by Miles Raymer
The way Anontune works is elegantly and deviously simple. Instead of hosting music files that users can stream or download, which without rights holders' permission would be illegal, the service simply serves users material scraped from the plethora of free, largely copyright-cleared outlets like YouTube, SoundCloud, and BandCamp. Right now Anontune is in a "very beta" release—and the current requirement that users install a Java applet that, remember, was coded by a hacker group, which many people will be rightly hesitant to do. But even this fairly rough mockup makes it look like Anontune could offer an experience robust enough to make even the slickest freemium services like Spotify look skimpy by comparison. And while YouTube, SoundCloud, and the like might take issue with the diversion of their content into Anontune, it doesn't look like the RIAA has any real legal standing to intervene. It's devilishly brilliant.
And yet I hate it.
Above is the YouTube video that Anonymous released to announce Anontune's launch, and unless you're already solidly on Anonymous's side you'll likely find a lot of it grating. The most obvious irritant is the tone of extreme self-congratulation running throughout all of Anontune's official materials, with Anonymous patting itself heartily on the back for being brave enough to take on the RIAA and prematurely striking a martyr pose in the event that the RIAA follows through on the provocation.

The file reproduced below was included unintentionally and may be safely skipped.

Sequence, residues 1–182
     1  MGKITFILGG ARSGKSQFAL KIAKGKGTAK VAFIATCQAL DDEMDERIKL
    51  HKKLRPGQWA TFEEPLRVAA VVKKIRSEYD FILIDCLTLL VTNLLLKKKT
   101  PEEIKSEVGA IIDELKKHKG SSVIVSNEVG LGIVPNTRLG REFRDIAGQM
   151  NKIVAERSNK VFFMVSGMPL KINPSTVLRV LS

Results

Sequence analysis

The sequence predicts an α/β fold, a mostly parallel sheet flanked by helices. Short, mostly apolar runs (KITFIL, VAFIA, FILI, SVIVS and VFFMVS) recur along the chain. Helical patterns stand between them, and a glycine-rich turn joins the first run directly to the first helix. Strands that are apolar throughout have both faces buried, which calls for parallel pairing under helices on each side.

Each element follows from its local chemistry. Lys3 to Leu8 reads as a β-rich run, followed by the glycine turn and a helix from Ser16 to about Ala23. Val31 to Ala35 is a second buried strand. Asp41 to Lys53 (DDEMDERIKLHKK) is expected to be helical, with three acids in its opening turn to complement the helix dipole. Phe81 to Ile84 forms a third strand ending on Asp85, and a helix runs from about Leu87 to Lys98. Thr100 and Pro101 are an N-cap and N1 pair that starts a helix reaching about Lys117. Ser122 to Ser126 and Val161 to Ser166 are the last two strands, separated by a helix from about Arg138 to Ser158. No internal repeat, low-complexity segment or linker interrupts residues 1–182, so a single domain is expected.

What's galling about the way Anonymous frames Anontune (and most of its other efforts in its battle against the RIAA) is the fact that it makes the platform out to be a heroic effort to "free" music but barely seems to take the people who actually create music into consideration. A public response from Anonymous to Anontune's critics dismisses (see line 56) claims that the service ignores artists' rights and their desire to make money from their work, but if you actually read the white paper that the response cites you'll find that the only real mention of artists in the whole thing is a vague promise to look into options for monetizing Anontunes in an undefined, artist-beneficial way at some point in the future. Which isn't much of a promise.
While Anonymous talks a lot of high-minded talk about how music "wants" to be set free, what it really seems to want is free music, and I'd respect its efforts a lot more if it just came out and said so. If Anonymous actually implements a way for Anontune to benefit artists as much as it does users, I might change my mind, but until then its claims that it's looking out for musicians don't ring any truer than the RIAA's own avowals that they're doing the same thing.
If Anonymous really wants to take the moral high ground in this fight, and prove that this "war" is more than just a tantrum over losing its favorite outlets for pirated material, it will figure out a way to make Anontunes pay musicians better than the major labels and "compromised" platforms it's competing against. (God knows it wouldn't be hard to pay more than Spotify.) Until that happens, it looks like both sides of the fight are equally full of shit.